WASHINGTON (Reuters) - A rise in the barometer of consumer prices most familiar to Americans has failed to show up in an inflation measure closely watched by the Federal Reserve, making it unlikely the central bank will raise interest rates next month.
The Labor Department said on Friday its Consumer Price Index (CPI) rose 2.2 percent in January from a year earlier when factoring out food and energy.
This "core" reading has been accelerating since the end of 2014 but the Fed puts more emphasis on a separate core inflation reading produced by the Commerce Department that policymakers feel is more accurate.
The Commerce Department's Personal Consumption Expenditures (PCE) index shows inflation didn't budge last year and December's 1.4 percent reading, the latest available, was well below the Fed's 2 percent target. This has kept the Fed's rate-setting committee, known as the FOMC, on edge.
Friday's data "should provide some relief, though it is unlikely to change the current policy bias to stay on the sideline at the March FOMC meeting," said Millan Mulraine, an economist at TD Securities in New York.
Fed policymakers put special emphasis on core inflation because stripping out volatile food and energy prices arguably gives a better view of where inflation is heading.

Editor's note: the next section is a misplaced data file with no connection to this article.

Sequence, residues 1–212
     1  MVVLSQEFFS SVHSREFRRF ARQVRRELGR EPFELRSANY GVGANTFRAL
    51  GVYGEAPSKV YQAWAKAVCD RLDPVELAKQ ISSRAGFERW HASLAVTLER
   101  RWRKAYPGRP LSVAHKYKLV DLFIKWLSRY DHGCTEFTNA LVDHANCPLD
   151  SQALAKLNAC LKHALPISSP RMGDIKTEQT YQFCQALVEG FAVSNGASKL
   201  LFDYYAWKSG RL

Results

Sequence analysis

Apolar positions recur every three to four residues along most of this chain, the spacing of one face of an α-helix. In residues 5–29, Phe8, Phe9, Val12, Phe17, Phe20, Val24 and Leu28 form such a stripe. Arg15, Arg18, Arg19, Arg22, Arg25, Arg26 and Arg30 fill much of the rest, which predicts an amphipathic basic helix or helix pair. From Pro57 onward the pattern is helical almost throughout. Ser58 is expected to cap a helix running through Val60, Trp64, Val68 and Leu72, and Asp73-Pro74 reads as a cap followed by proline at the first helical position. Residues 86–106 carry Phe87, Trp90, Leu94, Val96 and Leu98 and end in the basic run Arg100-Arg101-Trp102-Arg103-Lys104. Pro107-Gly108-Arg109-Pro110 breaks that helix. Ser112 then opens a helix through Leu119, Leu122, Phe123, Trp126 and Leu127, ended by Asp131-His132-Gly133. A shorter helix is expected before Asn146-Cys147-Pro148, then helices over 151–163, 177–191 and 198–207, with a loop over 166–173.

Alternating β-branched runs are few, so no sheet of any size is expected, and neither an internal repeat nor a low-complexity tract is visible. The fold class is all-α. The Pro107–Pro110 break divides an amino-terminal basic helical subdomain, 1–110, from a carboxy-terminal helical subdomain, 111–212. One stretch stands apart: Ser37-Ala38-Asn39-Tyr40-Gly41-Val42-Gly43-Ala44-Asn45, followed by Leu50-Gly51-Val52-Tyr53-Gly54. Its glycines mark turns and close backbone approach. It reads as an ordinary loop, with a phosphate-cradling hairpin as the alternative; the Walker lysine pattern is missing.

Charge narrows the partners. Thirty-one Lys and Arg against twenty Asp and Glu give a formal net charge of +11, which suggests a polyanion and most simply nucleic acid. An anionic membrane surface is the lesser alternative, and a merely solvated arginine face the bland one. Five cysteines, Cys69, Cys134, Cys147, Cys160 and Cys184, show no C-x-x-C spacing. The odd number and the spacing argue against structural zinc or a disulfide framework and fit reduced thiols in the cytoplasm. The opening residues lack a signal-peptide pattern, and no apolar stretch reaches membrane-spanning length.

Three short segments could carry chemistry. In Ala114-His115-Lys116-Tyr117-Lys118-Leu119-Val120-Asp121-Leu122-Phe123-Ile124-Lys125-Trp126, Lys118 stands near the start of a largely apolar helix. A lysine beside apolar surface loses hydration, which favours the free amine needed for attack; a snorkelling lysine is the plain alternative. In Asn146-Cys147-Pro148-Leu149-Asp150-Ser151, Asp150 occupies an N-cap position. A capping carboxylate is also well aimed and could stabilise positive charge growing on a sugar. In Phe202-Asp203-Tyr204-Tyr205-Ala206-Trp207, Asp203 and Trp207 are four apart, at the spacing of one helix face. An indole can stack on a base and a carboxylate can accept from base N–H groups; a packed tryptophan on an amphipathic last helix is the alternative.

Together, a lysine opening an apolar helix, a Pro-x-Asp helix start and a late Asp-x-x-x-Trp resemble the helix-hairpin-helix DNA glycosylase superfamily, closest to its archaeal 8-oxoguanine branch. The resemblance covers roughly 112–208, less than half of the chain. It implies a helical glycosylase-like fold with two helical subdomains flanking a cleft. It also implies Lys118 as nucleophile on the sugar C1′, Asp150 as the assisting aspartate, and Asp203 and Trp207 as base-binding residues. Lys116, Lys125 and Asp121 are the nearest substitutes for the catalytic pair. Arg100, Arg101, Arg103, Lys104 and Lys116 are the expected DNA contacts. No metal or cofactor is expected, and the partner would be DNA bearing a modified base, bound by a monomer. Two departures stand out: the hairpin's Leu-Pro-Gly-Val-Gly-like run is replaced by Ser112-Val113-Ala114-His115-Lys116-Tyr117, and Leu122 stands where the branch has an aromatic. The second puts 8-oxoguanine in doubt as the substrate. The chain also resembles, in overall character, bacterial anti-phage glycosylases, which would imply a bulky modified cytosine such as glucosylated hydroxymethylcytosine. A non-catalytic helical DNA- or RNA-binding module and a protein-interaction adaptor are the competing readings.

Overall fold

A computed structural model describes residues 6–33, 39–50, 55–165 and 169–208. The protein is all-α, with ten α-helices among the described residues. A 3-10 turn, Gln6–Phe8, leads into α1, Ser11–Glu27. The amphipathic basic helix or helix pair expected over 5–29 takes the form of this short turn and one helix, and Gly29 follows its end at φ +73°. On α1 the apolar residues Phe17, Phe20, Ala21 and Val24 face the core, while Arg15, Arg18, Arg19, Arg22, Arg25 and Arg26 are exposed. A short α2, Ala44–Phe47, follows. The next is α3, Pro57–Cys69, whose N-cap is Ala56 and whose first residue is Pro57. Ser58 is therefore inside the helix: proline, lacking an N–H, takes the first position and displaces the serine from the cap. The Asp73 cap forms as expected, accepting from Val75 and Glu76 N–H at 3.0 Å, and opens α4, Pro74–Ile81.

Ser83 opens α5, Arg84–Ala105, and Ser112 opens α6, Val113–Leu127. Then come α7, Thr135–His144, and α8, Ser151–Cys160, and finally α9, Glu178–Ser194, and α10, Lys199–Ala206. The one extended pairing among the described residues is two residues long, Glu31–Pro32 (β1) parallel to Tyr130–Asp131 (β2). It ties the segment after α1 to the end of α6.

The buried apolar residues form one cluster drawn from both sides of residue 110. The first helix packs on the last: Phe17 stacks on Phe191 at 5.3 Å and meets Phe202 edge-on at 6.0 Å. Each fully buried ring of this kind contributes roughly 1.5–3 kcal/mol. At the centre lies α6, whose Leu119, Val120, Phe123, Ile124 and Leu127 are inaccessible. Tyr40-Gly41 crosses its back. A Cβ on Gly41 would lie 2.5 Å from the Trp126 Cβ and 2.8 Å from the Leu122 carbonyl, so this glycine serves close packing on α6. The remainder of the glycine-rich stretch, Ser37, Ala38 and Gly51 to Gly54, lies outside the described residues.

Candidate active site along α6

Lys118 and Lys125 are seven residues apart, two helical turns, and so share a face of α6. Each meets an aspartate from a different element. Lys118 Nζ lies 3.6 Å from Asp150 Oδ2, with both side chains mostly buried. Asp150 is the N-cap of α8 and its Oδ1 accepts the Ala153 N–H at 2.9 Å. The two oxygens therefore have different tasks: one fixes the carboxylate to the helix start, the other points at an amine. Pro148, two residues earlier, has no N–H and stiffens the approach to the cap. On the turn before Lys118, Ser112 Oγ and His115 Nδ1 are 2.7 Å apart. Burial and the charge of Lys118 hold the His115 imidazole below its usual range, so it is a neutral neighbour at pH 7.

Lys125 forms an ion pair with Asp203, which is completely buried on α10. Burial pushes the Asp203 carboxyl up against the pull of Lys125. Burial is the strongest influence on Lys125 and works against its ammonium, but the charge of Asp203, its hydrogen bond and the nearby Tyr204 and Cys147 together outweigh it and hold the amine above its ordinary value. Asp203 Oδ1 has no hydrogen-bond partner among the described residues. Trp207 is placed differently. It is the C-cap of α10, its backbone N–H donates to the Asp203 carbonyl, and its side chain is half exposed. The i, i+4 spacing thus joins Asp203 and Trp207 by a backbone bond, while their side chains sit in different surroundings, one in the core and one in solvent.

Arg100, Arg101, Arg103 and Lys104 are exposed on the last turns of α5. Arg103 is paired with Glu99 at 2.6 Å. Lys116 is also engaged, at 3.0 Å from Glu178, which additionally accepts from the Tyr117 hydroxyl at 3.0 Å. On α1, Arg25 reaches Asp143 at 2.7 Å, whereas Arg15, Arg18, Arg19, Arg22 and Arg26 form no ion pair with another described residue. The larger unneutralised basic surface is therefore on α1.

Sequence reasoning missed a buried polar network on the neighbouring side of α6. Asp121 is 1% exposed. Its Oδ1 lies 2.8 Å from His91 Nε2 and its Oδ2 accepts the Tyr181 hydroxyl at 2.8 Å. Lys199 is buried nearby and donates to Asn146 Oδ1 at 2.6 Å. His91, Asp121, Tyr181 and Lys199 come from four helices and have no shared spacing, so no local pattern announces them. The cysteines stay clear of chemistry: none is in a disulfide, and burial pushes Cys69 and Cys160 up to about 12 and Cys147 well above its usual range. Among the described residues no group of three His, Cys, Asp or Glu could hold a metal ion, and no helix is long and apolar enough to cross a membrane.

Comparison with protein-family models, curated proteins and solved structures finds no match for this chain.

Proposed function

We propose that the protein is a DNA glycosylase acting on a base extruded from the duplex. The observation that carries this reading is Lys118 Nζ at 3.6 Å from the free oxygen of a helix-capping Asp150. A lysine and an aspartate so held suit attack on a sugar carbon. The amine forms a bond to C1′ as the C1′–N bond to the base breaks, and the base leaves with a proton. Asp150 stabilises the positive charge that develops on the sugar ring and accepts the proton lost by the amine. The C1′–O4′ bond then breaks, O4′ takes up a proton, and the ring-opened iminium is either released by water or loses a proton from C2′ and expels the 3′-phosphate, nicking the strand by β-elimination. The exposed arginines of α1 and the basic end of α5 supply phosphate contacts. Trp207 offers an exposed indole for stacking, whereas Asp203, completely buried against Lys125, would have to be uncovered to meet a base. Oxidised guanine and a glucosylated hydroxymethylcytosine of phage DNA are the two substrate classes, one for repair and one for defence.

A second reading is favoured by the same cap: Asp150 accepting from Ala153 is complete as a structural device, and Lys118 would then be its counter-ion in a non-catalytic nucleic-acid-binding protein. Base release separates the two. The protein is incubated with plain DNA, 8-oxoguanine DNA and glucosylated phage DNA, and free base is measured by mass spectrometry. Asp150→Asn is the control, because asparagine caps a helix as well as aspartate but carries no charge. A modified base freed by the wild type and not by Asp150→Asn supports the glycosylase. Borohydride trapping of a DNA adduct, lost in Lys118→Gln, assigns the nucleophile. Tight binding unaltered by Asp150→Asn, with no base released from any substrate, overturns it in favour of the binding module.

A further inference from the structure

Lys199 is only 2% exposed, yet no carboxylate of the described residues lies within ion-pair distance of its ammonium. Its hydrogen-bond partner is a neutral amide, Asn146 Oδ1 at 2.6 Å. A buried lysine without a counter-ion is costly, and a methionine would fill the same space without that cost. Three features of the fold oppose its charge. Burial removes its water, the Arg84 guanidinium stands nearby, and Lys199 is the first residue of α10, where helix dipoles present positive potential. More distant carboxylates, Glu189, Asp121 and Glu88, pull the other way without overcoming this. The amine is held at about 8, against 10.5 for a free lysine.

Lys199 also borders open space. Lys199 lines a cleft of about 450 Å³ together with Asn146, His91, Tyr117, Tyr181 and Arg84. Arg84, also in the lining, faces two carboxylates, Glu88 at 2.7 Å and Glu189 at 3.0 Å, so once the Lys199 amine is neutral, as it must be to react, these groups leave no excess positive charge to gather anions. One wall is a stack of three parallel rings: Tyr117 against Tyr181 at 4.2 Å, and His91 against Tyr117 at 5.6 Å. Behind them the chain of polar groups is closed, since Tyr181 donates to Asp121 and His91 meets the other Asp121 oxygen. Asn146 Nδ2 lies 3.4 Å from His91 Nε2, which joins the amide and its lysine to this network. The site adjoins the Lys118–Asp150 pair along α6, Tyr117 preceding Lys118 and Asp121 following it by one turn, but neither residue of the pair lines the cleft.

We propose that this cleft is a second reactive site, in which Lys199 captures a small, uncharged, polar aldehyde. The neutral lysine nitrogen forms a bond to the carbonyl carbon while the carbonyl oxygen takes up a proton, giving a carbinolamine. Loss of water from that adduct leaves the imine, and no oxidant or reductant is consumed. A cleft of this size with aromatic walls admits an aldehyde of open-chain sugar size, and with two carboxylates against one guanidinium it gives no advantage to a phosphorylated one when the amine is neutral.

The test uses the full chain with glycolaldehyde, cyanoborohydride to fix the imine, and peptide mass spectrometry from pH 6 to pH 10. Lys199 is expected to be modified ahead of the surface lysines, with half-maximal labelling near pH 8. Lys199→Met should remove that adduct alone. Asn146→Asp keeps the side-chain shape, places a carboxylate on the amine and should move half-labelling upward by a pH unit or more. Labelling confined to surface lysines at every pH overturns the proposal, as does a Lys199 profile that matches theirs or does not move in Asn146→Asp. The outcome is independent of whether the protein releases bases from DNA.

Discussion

Even so, officials are unsure how much a strong dollar is depressing core prices by lowering the cost of imports and policymakers are increasingly divided about the inflation outlook.
Cleveland Fed President Loretta Mester, who has backed rate hikes for longer than most Fed policymakers, said on Friday that inflation appears on track to rise to 2 percent. But another long-time hawk on rate policy, St. Louis Fed President James Bullard, said two days earlier it was unwise to lift borrowing costs further.
The Fed lifted rates in December for the first time in a decade and indicated at the time four more hikes were likely in 2016. Investors expect fewer if any hikes this year and the minutes of the Fed's January 26-27 meeting said officials discussed changing their outlook for the path of policy.
Economists generally see the PCE index as more accurate than the CPI index because it more quickly accounts for shifts in consumer spending toward different products and services.
The PCE index also weights spending categories differently, giving slightly less importance to housing costs like rising rents which have pushed the CPI index higher.
Economists expect the PCE index to eventually follow the CPI higher if the global slowdown doesn't deal a heavier blow to the U.S. economy.
"The chances of a Fed rate hike in March remain slim but we still think that the Fed will raise interest rates in June as fears of recession in China and the U.S. ... subside," said Steve Murphy, an economist with Capital Economics in Toronto.
Reporting by Jason Lange; Editing by Andrea Ricci